Anyway, the day my book turned 1, I got a wild hair to write to Mr. McDermott again and tell him that I’d actually made something of myself in publishing. I think I owe some of my policy on helping new writers to him, although I didn’t really think of the connection until last Saturday.

We have the Internet now, so I didn’t have to go rooting through my desk drawers in my parents’ house looking for his business card. (I’m sure it’s still there somewhere.) I was super excited to write to him. I don’t know if I really cared whether or not he replied. I guess I just wanted him to know that he had made a difference.

And then I found out he died in 2012.

I don’t think I know how to rightly express to you what a crusher this was.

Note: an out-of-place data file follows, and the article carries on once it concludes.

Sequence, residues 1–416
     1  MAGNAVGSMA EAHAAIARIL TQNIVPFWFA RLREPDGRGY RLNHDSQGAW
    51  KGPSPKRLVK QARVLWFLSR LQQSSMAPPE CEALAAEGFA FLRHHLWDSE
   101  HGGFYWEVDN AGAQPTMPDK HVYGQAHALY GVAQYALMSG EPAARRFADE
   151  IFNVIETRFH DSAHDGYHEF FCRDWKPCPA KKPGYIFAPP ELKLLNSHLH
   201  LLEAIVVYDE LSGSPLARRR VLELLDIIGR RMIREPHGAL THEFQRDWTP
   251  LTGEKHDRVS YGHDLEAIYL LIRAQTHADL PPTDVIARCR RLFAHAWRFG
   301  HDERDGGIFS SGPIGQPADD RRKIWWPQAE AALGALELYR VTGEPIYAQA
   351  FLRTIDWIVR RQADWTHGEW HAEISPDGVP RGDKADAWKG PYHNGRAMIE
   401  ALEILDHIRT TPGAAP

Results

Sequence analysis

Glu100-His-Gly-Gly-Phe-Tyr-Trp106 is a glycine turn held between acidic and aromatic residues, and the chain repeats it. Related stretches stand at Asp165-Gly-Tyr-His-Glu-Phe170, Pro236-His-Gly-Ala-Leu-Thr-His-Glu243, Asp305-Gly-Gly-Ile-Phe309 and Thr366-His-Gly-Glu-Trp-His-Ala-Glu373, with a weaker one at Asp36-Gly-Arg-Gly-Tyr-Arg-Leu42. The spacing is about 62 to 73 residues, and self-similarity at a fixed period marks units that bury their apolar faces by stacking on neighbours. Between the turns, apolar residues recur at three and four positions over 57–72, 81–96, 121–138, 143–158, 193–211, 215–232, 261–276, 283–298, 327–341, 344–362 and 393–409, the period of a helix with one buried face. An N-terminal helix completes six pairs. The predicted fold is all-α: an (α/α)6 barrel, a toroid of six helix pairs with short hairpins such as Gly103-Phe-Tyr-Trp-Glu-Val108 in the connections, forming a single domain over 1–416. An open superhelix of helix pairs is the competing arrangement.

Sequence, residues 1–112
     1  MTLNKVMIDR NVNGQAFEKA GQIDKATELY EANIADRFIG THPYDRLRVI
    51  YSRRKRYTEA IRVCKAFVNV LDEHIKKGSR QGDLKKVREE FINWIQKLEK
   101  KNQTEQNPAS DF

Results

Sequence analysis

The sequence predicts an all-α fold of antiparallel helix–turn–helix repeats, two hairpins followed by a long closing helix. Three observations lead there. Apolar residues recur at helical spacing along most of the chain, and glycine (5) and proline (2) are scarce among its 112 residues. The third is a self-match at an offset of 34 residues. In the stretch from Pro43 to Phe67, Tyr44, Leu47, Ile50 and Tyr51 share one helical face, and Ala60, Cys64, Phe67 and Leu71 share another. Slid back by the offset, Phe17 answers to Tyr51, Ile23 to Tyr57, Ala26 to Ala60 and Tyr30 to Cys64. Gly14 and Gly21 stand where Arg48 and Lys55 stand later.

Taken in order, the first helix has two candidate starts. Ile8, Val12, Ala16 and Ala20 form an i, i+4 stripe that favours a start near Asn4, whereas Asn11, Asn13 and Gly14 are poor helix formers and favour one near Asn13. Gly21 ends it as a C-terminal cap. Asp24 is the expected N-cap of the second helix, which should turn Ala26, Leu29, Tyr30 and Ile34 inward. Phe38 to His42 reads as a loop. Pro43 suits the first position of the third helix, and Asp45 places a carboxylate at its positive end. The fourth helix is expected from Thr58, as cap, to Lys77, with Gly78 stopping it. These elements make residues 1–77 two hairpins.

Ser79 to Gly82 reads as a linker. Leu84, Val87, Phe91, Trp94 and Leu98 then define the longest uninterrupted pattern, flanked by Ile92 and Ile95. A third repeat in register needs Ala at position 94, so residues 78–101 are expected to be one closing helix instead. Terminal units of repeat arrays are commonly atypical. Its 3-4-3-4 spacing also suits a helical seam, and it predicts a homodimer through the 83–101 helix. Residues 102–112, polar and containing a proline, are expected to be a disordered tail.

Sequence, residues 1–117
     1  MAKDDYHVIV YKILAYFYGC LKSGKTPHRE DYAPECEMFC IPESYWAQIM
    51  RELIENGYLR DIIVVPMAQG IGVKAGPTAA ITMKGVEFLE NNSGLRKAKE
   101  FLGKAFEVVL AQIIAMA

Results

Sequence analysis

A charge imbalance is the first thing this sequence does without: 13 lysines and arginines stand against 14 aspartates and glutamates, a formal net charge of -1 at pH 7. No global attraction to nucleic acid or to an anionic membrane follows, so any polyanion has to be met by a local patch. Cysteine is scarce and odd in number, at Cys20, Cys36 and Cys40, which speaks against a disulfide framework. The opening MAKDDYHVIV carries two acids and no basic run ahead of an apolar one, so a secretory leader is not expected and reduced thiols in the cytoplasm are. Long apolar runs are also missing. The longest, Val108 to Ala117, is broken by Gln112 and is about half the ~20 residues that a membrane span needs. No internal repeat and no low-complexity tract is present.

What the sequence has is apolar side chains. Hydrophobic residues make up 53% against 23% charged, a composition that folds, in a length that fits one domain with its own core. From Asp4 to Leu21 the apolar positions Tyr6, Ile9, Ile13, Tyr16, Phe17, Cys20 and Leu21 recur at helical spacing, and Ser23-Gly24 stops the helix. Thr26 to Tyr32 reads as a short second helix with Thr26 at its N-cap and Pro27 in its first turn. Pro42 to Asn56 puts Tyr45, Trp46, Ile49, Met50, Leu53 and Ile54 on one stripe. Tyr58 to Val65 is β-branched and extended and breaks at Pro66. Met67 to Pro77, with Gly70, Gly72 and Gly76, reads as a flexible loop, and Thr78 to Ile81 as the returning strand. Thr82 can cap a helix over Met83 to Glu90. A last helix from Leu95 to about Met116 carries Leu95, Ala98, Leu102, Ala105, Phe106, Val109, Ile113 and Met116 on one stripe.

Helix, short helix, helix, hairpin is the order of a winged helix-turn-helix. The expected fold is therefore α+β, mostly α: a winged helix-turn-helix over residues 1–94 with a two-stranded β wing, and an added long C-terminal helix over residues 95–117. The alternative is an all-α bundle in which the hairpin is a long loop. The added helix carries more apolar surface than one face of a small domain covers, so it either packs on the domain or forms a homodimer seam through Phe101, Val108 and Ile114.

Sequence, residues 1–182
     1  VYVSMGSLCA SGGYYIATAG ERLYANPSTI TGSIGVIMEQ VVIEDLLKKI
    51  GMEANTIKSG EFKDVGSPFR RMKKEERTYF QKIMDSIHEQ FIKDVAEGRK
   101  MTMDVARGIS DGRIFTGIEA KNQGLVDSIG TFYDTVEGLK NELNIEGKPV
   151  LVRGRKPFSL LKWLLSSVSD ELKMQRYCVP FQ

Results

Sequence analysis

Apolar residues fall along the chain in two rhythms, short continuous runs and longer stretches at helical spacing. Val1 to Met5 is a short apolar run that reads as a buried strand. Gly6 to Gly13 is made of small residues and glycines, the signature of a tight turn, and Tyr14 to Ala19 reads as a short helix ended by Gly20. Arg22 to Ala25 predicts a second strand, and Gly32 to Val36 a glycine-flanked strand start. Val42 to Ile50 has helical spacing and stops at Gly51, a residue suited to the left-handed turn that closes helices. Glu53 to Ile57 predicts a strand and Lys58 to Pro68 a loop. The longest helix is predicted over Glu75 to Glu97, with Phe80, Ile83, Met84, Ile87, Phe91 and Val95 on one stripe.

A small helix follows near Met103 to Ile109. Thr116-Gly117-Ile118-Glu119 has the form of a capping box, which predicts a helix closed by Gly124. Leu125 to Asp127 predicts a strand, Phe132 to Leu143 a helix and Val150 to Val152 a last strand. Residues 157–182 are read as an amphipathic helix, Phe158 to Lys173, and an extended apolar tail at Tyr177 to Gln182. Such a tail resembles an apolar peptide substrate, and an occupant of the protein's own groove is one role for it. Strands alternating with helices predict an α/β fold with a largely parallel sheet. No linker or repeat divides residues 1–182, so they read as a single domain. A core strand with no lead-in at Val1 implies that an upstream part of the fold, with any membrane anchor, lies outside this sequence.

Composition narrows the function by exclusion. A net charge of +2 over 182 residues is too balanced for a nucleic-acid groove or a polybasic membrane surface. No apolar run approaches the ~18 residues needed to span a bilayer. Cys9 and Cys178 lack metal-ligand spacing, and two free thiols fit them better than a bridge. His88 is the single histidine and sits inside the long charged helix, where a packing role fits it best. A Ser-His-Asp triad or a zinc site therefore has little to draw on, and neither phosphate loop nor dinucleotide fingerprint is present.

Gerald McDermott, January 31, 1941 – December 26, 2012

Gerald McDermott was a Nice Guy. He was interested in everything, and even when approached by bright-eyed, bushy-tailed college students who asked if they could be his intern right there on the spot, was unflappable. He answered all the questions and made every single one seem worth asking. He let people down gently, or maybe they were too obtuse to know otherwise, but this is about Gerald.

Gerald thought in big, bold lines and bright colors. His commitment of legends and myths to paper and film made them accessible to probably tens of thousands of people who would have never otherwise known about them. He was one of those rare storytellers who could make the most basic child’s lament come true: “I wish I could see this story in real life.” Lo, Gerald could make that happen.